Scientists have made an incredible discovery. For the first time in history, researchers at the University of Florida have grown plants in soil taken from the Moon. The experts have also learned how plants respond to lunar soil on biological and genetic levels.
After trying for 11 years, the researchers finally acquired just 12 grams of lunar soil. They filled tiny pots with a few Arabidopsis plant seeds, added nutrients, and exposed them to light. Much to their surprise, the seeds began to sprout. Through this experiment, the scientists have been able to gather further information.
The researchers noticed that plants grown in lunar soil were smaller and grew more slowly. There was also more variation in their sizes.
The experts used the Arabidopsis plant because its genetic code has been fully mapped. This means that the researchers could learn whether growing in lunar soil affected plants genetically.
“At the genetic level, the plants were pulling out the tools typically used to cope with stressors, such as salt and metals or oxidative stress, so we can infer that the plants perceive the lunar soil environment as stressful,” said study co-author Anna-Lisa Paul.
The experiment also revealed that plant growth may be affected by where the soil was gathered. It appears that plants grow better in less mature soil, which hasn’t been exposed to as much cosmic wind as mature soil.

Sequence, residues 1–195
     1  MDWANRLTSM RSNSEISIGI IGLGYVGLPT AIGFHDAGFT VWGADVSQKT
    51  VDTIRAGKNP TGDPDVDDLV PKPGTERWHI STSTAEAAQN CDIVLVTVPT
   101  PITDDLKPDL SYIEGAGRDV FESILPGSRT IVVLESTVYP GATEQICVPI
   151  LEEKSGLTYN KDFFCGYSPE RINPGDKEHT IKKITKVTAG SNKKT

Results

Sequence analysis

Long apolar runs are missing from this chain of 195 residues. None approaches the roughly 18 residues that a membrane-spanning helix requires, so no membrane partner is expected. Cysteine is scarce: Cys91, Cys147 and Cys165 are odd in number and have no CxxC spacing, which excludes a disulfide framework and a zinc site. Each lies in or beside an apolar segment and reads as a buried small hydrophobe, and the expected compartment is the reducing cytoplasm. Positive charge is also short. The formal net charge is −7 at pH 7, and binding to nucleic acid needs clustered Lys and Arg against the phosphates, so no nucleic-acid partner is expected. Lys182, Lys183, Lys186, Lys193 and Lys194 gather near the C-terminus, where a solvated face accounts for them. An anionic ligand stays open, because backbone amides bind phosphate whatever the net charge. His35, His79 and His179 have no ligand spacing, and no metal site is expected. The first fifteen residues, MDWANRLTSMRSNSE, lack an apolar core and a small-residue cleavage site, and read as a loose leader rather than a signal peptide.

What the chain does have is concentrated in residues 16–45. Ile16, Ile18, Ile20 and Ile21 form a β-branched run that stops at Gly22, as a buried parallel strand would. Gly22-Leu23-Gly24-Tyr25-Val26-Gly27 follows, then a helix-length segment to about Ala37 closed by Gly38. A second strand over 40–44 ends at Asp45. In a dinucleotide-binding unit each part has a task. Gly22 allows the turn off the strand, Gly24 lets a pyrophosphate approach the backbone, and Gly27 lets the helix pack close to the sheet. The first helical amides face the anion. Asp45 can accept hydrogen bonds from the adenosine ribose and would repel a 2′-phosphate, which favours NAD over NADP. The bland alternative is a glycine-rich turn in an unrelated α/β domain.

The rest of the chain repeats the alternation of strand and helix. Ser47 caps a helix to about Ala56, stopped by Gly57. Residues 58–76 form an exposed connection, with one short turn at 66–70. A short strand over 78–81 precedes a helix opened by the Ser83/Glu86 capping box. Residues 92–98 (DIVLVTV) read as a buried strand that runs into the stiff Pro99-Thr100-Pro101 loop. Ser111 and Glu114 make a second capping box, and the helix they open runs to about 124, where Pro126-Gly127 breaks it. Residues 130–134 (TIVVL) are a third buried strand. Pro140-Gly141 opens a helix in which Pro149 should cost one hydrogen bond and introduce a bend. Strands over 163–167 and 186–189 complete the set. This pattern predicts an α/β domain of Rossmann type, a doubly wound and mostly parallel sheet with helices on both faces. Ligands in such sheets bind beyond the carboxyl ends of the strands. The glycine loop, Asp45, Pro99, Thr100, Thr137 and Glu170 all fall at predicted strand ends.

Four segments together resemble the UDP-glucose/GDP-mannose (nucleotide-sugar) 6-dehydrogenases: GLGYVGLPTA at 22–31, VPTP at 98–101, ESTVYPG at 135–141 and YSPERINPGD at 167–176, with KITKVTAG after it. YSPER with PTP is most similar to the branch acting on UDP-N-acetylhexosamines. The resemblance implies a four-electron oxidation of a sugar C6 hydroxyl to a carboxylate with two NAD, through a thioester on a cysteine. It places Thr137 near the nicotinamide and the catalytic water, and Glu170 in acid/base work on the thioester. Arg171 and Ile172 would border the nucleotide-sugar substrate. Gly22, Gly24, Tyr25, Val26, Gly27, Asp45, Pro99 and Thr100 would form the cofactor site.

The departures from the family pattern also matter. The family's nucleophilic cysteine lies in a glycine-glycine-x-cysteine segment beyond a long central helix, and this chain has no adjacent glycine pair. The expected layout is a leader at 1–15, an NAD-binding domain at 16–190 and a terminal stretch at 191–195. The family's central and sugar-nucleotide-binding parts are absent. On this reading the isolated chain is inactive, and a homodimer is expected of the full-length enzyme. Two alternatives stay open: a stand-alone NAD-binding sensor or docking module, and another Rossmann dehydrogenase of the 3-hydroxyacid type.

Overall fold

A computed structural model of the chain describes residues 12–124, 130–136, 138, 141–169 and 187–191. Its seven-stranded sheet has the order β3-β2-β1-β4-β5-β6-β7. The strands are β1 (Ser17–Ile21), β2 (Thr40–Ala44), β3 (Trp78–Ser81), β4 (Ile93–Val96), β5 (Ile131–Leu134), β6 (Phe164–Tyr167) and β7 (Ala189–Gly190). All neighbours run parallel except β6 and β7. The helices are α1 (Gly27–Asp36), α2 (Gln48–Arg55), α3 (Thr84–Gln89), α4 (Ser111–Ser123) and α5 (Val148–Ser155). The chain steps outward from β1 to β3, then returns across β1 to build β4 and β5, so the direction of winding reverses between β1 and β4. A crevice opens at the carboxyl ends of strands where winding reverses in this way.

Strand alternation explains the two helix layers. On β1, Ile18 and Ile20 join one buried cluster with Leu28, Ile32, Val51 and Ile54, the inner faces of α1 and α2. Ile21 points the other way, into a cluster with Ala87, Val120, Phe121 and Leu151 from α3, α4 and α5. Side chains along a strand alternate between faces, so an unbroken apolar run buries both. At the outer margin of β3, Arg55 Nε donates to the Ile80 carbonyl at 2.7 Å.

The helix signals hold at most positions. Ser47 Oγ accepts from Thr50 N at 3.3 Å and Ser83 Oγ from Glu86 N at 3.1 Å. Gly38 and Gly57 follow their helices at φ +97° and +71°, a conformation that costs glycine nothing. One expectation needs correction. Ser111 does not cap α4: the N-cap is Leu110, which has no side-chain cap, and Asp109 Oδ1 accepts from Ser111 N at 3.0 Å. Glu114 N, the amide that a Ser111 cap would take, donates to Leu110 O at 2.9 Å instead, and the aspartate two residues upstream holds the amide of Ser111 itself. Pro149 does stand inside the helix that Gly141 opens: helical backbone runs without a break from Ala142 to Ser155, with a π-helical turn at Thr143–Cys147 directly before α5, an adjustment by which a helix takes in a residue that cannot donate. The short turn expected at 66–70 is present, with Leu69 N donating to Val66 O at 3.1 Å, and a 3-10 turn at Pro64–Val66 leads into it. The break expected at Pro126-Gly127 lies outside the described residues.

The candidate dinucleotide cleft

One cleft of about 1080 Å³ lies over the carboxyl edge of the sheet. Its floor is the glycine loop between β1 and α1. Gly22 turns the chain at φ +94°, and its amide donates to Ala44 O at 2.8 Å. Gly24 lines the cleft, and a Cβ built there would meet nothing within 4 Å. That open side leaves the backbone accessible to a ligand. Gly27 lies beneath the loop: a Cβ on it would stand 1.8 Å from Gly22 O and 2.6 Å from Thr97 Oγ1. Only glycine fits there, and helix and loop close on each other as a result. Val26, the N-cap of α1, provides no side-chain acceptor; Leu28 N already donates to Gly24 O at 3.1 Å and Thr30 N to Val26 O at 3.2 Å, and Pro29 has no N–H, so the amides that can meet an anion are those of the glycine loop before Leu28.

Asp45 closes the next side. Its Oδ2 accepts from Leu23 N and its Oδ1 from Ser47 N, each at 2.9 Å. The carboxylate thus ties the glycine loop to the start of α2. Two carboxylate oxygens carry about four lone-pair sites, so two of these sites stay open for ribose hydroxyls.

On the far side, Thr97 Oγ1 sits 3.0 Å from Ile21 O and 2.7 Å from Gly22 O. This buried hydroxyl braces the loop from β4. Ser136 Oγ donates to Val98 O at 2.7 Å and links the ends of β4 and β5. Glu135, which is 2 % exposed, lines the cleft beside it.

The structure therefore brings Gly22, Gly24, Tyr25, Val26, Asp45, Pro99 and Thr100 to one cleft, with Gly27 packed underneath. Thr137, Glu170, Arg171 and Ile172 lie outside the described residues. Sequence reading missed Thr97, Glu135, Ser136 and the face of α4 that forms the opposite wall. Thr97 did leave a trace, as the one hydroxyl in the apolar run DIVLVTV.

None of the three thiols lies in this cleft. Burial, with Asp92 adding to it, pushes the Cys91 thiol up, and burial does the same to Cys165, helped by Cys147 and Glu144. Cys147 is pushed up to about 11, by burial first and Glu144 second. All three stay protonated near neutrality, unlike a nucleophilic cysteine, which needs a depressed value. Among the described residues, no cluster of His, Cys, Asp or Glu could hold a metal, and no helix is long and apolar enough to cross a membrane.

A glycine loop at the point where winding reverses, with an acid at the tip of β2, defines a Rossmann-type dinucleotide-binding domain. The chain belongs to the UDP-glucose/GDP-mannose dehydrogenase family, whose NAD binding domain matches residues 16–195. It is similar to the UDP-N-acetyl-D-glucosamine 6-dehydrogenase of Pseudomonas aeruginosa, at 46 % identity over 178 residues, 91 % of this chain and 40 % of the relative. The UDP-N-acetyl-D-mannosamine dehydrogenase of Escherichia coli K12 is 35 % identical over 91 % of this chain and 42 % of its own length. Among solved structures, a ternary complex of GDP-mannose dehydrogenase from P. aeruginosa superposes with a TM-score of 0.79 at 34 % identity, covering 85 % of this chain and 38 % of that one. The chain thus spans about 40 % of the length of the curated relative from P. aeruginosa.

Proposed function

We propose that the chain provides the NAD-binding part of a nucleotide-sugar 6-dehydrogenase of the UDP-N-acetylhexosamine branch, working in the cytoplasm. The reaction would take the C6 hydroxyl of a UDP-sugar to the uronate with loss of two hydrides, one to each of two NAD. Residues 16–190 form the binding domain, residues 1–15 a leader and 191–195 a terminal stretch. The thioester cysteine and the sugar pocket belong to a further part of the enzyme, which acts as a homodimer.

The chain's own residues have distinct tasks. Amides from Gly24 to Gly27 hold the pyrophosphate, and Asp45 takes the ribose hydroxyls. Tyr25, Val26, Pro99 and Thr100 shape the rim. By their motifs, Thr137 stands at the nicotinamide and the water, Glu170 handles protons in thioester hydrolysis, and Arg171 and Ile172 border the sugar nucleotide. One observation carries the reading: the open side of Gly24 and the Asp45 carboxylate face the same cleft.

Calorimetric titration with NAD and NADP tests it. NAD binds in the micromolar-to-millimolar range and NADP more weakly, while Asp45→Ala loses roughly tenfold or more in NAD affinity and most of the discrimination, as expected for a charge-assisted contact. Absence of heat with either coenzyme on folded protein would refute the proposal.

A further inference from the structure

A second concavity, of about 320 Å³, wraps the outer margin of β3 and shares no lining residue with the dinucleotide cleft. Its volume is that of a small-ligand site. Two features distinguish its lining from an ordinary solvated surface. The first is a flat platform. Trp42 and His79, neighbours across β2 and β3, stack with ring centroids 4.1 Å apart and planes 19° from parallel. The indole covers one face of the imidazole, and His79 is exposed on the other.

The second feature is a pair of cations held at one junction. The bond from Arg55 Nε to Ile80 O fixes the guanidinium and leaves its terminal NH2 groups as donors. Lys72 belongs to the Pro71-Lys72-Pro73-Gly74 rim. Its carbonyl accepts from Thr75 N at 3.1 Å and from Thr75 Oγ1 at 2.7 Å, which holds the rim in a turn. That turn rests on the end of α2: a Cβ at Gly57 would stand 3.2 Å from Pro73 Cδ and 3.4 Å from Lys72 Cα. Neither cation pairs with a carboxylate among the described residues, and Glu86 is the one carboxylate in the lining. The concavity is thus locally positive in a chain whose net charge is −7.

The ability to grow a plant in Moon soil has significant implications for space travel and possible off-planet colonization.
“For future, longer space missions, we may use the Moon as a hub or launching pad. It makes sense that we would want to use the soil that’s already there to grow plants,” said study co-author Rob Ferl. “So, what happens when you grow plants in lunar soil, something that is totally outside of a plant’s evolutionary experience? What would plants do in a lunar greenhouse? Could we have lunar farmers?”
Furthermore, the research is vital for the Artemis Program, led by NASA, which aims to return humans to the Moon. Ferl believes the findings will help inform that mission.
This breakthrough is fantastic in its own right. We can be sure the scientific community will continue to build upon these findings.
The study is published in the journal Communications Biology.